One of my observations has been about the way people treat you when you have cancer. It fascinates me that I feel the same, but people treat me differently. In the early stages, people would hug me like I was fragile or like my chest must hurt. I would tell them to “hug me like you mean it.” Breast cancer doesn’t hurt.

Once you lose your hair, all bets are off. It is hard to go unnoticed. When you are out in public, people tend to go one of two ways. Either they can’t look you in the eye, or they treat you really, really nicely. I have had the best service at restaurants since becoming bald. I kid you not. My water glass is never empty. I seem to get served extra large portions. If I pull my jacket around my shoulders, the manager turns up the heat. I watched my ice melt, and Gene and the other customers sweat bullets at one restaurant until I finally relented and removed my jacket.

People let you cut in line. They don’t just let you. They practically beg you to. I find it amusing. And as long as I’m bald, I will never have to carry my own groceries. I’m telling you, a less respectable person could really take advantage of this cancer thing.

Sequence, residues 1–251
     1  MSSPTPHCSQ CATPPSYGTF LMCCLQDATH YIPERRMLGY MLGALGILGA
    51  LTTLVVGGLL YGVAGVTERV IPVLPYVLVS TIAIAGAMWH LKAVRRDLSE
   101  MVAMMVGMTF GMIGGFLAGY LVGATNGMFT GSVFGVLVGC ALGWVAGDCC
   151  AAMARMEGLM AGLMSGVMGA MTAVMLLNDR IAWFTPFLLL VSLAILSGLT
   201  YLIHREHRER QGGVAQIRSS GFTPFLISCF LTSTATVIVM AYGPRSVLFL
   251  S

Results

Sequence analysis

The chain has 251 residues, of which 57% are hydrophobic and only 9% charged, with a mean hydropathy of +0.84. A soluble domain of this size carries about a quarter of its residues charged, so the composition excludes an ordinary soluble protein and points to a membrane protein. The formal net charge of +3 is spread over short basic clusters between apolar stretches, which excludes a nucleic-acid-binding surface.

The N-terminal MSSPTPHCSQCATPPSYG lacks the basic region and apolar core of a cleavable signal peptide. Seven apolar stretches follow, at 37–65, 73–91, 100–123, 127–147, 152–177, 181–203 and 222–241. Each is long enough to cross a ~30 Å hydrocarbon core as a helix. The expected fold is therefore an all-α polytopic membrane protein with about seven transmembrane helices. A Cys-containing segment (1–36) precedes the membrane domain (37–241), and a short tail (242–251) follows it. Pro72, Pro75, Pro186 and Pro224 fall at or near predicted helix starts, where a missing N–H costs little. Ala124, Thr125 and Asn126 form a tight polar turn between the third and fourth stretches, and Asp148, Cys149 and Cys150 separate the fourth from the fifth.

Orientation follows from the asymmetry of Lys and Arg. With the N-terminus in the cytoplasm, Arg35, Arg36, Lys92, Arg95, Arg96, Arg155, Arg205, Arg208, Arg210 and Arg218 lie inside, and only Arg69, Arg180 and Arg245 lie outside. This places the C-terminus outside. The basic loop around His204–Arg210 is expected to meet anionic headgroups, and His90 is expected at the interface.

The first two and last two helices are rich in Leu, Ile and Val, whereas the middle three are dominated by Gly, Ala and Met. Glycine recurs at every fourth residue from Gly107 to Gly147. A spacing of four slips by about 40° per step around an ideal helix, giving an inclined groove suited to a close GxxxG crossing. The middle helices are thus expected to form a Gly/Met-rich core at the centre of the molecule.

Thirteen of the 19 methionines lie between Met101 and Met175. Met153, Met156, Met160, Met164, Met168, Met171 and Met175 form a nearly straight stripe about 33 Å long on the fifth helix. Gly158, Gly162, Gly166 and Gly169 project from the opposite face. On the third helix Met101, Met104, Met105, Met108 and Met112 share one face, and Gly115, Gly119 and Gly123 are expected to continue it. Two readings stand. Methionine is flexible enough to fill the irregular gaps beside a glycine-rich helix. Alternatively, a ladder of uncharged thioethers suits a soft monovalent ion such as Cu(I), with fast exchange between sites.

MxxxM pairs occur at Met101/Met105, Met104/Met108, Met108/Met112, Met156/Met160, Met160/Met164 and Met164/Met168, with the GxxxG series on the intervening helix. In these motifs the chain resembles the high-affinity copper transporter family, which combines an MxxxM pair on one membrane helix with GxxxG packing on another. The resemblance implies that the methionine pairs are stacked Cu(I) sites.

When my Mom was here, she commented that no one would even know I had cancer except for the bald head and missing eyebrows and eye lashes. I cocked my head, thought about it and tried not to laugh. I’m sure there was a compliment in there somewhere.

I think the best advice I got was from my two mentors, Julie and Chris. Early on, they told me that my job was to take care of myself. To do what made me comfortable, and to let everyone else get over it. I didn’t fully understand that at first, but over time, I have understood what they are talking about. Wear a wig if you want to. Wear a hat or go bald if that is what you want. Wear your prosthetic or not. Get creative with scarves or jackets, or just accept that your “temporary” breasts aren’t level.

Since I can’t wear my prosthetic during radiation, I’m dealing with that last one daily. I wear a camisole that has a pocket that holds quilt batting on one side, and I sag on the other side. Gene and Danielle have devised a signal for “your breast is on your shoulder” that has me rearranging now and then. We just laugh. Nice to know they have my back (or front!).